THE OCTOBER CLUB
The writer of an excellent paper in the National Review, No. VIII., well observes that "Politics under Anne had grown a smaller and less dangerous game than in the preceding century. The original political Clubs of the Commonwealth, the Protectorate, and the Restoration, plotted revolutions of government. The Parliamentary Clubs, after the Revolution of 1688, manœuvred for changes of administration. The high-flying Tory country gentleman and country member drank the health of the King—sometimes over the water-decanter, and flustered himself with bumpers in honour of Dr. Sacheverell and the Church of England, with true-blue spirits of his own kidney, at the October Club," which, like the Beef Steak Club, was named after the cheer for which it was famed,—October ale; or rather, on account of the quantities of the ale which the members drank. The hundred and fifty squires, Tories to the backbone, who, under the above name, met at the Bell Tavern, in King Street, Westminster, were of opinion that the party to which they belonged were too backward in punishing and turning out the Whigs; and they gave infinite trouble to the Tory administration which came into office under the leadership of Harley, St. John, and Harcourt, in 1710. The Administration were for proceeding moderately with their rivals, and for generally replacing opponents with partisans. The October Club were for immediately impeaching every member of the Whig party, and for turning out, without a day's grace, every placeman who did not wear their colours, and shout their cries.
Swift was great at the October Club, and he was employed to talk over those who were amenable to reason, and to appease a discontent which was hastily ripening into mutiny. There are allusions to such negotiations in more than one passage of the Journal to Stella, in 1711. In a letter, February 10, 1710-11, he says: "We are plagued here with an October Club; that is, a set of above a hundred Parliament men of the country, who drink October beer at home, and meet every evening at a tavern near the Parliament, to consult affairs, and drive things on to extremes against the Whigs, to call the old ministry to account, and get off five or six heads." Swift's Advice humbly offered to the Members of the October Club, had the desired effect of softening some, and convincing others, until the whole body of malcontents was first divided and finally dissolved. The treatise is a masterpiece of Swift's political skill, judiciously palliating those ministerial errors which could not be denied, and artfully intimating those excuses, which, resting upon the disposition of Queen Anne herself, could not, in policy or decency, be openly pleaded.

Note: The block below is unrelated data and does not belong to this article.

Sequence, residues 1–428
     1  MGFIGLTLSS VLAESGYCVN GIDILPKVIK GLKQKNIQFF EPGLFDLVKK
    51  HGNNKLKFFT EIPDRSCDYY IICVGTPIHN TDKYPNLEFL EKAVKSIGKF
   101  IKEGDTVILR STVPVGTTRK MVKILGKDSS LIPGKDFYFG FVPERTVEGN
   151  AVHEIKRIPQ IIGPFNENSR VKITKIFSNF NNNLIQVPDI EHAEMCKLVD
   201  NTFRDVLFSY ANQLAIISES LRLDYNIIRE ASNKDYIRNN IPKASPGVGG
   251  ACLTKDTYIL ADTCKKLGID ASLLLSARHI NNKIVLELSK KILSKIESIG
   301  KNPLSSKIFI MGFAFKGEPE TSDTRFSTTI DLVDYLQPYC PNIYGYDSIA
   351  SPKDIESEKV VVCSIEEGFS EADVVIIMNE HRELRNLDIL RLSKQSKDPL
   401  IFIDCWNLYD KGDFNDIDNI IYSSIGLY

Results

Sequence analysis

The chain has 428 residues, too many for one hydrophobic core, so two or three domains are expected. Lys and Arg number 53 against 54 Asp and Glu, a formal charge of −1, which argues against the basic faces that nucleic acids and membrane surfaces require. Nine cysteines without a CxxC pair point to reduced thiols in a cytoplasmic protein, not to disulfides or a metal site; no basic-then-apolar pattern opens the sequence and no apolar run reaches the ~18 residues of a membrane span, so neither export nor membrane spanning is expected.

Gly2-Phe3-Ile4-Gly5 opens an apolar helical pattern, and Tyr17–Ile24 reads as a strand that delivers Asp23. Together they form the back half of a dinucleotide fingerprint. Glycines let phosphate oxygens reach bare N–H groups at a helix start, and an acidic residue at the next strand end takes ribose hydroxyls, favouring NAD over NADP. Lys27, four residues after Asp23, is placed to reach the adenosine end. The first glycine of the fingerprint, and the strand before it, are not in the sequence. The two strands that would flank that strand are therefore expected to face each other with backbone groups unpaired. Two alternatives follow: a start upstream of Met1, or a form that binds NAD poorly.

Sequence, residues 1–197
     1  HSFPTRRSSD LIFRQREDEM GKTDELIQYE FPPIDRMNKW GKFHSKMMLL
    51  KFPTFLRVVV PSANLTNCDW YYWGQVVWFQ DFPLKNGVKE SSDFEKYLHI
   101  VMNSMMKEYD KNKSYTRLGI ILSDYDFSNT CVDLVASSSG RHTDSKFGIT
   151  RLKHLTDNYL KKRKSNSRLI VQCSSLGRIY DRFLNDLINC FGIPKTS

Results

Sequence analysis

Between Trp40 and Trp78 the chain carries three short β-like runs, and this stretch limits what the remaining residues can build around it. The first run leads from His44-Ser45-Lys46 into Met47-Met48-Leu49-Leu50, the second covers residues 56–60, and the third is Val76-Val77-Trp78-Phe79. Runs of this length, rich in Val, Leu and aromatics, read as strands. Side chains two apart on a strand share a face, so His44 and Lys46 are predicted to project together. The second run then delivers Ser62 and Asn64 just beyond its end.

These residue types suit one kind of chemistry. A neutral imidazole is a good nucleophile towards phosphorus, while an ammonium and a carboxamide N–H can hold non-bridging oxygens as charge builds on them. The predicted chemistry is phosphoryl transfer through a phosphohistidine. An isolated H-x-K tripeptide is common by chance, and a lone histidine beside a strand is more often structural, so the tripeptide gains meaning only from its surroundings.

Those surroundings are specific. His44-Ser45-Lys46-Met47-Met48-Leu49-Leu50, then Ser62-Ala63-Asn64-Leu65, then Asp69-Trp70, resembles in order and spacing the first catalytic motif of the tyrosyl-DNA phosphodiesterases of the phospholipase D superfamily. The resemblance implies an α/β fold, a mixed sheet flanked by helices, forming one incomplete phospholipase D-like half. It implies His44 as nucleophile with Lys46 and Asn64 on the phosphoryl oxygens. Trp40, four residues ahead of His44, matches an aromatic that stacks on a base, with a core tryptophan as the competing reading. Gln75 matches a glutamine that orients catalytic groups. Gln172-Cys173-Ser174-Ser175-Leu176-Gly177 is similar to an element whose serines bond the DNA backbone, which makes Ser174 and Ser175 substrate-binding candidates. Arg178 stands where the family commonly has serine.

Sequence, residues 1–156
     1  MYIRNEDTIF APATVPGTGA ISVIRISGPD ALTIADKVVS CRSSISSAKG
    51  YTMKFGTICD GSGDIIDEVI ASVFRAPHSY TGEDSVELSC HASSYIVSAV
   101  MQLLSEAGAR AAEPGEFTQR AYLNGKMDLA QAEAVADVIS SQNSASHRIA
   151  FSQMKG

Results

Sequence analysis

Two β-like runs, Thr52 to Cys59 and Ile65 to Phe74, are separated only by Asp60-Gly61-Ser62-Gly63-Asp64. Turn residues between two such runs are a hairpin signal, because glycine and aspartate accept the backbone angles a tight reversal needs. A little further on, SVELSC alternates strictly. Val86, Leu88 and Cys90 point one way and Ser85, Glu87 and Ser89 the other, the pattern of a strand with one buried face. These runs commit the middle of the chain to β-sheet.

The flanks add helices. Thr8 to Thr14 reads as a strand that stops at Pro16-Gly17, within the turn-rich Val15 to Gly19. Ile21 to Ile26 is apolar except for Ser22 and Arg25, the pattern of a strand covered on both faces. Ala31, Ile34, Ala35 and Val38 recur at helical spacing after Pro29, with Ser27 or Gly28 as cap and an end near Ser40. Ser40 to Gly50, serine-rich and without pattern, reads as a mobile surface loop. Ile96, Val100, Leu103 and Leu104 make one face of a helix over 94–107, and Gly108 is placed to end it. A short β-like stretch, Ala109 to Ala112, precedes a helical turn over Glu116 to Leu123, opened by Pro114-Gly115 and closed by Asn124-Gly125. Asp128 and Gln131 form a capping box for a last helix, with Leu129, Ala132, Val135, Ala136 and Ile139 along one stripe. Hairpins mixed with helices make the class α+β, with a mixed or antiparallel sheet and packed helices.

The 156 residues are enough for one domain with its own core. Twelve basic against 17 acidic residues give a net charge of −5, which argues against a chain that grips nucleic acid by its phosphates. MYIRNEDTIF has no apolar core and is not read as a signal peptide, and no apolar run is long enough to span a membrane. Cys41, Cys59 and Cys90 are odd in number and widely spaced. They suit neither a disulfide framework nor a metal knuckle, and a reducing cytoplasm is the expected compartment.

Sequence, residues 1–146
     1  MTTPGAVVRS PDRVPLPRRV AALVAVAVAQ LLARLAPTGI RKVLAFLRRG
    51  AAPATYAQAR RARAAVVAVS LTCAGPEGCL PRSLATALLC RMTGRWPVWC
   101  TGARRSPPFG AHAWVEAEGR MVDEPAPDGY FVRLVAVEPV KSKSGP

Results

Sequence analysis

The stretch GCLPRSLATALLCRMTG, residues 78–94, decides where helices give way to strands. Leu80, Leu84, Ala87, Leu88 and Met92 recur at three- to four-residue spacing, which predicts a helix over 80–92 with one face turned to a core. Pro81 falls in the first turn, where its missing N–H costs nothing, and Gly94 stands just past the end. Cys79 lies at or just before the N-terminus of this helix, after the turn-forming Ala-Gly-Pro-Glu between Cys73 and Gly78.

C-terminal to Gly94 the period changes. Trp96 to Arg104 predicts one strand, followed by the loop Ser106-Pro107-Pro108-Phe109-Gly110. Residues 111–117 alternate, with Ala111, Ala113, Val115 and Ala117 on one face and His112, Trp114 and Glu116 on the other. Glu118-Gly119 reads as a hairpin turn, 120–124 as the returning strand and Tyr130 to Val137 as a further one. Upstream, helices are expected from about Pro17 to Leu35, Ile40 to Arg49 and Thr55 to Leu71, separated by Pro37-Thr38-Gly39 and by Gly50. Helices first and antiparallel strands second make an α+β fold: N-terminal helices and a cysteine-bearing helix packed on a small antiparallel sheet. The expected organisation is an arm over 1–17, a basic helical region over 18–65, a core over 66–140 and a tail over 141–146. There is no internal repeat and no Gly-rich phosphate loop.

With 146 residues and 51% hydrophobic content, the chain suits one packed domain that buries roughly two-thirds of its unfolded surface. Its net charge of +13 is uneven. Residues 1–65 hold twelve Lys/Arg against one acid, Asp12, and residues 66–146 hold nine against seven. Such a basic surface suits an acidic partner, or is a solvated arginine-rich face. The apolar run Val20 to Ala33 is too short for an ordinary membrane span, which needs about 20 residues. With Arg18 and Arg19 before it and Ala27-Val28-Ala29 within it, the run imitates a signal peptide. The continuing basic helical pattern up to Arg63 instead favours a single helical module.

The red-hot "tantivies," for whose loyalty the October Club was not thorough-going enough, seceded from the original body, and formed "the March Club," more Jacobite and rampant in its hatred of the Whigs, than the Society from which it branched.
King Street would, at this time, be a strange location for a Parliamentary Club, like the October; narrow and obscure as is the street, we must remember that a century ago, it was the only thoroughfare to the Palace at Westminster and the Houses of Parliament. When the October was broken up, the portrait of Queen Anne, by Dahl, which ornamented the club-room, was bought of the Club, after the Queen's death, by the Corporation of Salisbury, and may still be seen in their Council-chamber. (Cunningham's Handbook, 2nd edit., p. 364.)
Club Life of London Vol. I